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Points & Authorities Supporting Defendant’s Request for Special Jury Instructions

JURY INSTRUCTIONS:Points and Authorities

I. THE COURT MUST GIVE SPECIAL JURY INSTRUCTIONS IF RELATED TO DEFENSE THEORIES OF THE CASE

A trial judge, when considering instructions to the jury, shall give no less consideration to those submitted by the attorneys for the respective parties than to those contained in the latest edition of CALJIC. Cal. Rules of Court, Appendix, Division I, Section 5.

Defendant is entitled upon request to an instruction relating particular facts to any legal issue. People v. Sears (1970) 2 Cal.3d 180 at 190, 84 Cal.Rptr. 711. Such a requested instruction may relate the reasonable doubt standard for proof of guilt to particular elements of the crime charged or may pinpoint the crux of a defendant’s case. The court is under an “obligation to instruct on defenses… and on the relationship of these defenses to the elements of the charged offense… where… it appears that the defendant is relying on such a defense,… ” People v. Stewart (1976) 16 Cal.3d 133, 140; People v. Flannel, 25 Cal.3d 668, 680, 681; People v. St. Martin, 1 Cal.3d 524, 531.

The Court has a duty to instruct the jury, and a party has a right to instructions on his theory of the case, if defendant’s theory finds any support in the evidence or any inference which may be properly drawn from the evidence. As stated in People v. Sam (1969) 71 Cal.2d 194, 77 Cal.Rptr. 804, “a defendant is entitled to an instruction on any theory, no matter how remote or incredible, which is supported by any evidence deserving of any consideration whatsoever.” (Citations omitted)

In People v. West (1983) 139 Cal.App.3d 606, 189 Cal.Rptr. 36, there was reversible error due to the failure of the court to give defendant’s proposed instructions. Defendant’s specials listed eight (8) factors for consideration which were not mentioned in the standard instructions and which were supported by the evidence. The West court, id., 139 Cal.App.3d at 608, stated that “the trial court has a duty to give requested defense instructions which direct the jury’s attention to evidence from which the jury could infer a reasonable doubt of defendant’s guilt.”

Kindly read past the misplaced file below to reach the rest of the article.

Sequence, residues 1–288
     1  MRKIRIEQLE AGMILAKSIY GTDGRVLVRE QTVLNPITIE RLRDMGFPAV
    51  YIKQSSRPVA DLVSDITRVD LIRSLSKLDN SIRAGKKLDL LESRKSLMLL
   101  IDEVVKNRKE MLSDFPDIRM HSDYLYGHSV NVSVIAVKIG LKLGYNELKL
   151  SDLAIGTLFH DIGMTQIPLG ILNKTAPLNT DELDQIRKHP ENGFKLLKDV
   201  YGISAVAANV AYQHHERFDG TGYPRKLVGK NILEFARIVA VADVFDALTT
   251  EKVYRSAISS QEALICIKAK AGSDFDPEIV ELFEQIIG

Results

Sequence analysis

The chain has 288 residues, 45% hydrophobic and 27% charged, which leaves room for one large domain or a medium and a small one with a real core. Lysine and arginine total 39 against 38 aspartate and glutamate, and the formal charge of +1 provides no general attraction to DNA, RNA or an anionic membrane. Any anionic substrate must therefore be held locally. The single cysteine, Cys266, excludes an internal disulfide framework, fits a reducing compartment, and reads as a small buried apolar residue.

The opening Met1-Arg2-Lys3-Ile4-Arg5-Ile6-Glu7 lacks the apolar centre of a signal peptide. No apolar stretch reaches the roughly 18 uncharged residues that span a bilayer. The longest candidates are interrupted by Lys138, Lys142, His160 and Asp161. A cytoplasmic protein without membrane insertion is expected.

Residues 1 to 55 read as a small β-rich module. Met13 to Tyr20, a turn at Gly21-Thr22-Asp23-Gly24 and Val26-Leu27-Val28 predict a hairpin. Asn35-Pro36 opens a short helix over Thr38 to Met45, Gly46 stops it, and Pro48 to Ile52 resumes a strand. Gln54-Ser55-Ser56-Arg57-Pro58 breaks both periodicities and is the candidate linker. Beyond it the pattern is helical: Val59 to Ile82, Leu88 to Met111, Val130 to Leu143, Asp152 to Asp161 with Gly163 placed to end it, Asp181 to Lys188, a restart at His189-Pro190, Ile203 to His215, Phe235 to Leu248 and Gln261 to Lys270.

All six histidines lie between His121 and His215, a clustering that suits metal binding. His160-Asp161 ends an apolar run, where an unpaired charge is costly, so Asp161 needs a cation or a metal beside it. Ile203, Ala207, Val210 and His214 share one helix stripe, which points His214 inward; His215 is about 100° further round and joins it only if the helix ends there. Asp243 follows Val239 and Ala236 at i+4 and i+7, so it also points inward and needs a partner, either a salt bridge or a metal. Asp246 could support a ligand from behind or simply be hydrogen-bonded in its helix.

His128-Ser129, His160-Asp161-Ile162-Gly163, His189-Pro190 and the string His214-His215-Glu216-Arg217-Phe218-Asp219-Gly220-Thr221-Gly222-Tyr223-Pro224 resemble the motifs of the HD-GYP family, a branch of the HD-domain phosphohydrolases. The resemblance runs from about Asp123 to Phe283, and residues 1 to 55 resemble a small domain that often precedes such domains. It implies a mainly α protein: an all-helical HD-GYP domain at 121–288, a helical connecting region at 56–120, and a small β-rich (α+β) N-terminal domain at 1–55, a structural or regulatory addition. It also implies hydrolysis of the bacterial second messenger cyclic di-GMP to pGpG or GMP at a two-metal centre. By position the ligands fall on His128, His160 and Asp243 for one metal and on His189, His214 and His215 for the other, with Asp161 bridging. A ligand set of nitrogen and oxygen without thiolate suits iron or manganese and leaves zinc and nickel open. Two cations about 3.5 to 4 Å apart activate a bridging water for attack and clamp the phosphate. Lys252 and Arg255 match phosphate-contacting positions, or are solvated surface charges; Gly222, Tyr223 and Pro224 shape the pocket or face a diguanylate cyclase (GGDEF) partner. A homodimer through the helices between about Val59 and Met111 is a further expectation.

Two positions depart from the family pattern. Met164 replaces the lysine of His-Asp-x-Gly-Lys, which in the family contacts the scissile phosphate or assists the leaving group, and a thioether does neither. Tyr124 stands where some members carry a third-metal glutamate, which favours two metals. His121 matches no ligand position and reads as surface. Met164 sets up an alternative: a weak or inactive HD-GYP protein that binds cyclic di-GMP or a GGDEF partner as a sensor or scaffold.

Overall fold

A trial court must instruct on every theory of the case supported by substantial evidence, including defenses that are not inconsistent with defendant’s theory of the case. (People v. Montoya (1994) 7 Cal.4th 1027, 1047; People v. Jackson (1989) 49 Cal.3d 1170, 1199.) “In reviewing the evidence to determine whether exclusion of a requested instruction was error, ‘[d]oubts as to the sufficiency of the evidence to warrant instructions should be resolved in favor of the accused.’” 1

II. A TRIAL JUDGE HAS A DUTY TO GUIDE THE JURY AND EXPLAIN LEGAL PRINCIPLES

“Discharge of the jury’s responsibility for drawing appropriate conclusions from the testimony depend[s] on discharge of the judge’s responsibility to give the jury the required guidance by a lucid statement of the relevant legal criteria.” (Bollenbach v. U.S. (1946) 326 US 607, 612 [66 SCt 402; 90 LEd 350].) “Jurors are not experts in legal principles; to function effectively, and justly, they must be accurately instructed in the law.” (Carter v. Kentucky (1981) 450 US 288, 302 [101 SCt 1112; 67 LEd2d 241].) “It is quite simply a hallmark of our legal system that juries be carefully and adequately guided in their deliberations.” (Gregg v. Georgia (1976) 428 US 153, 193, 96 SCt 2909; [opn. of Stewart, Powell, and Stevens, JJ.].)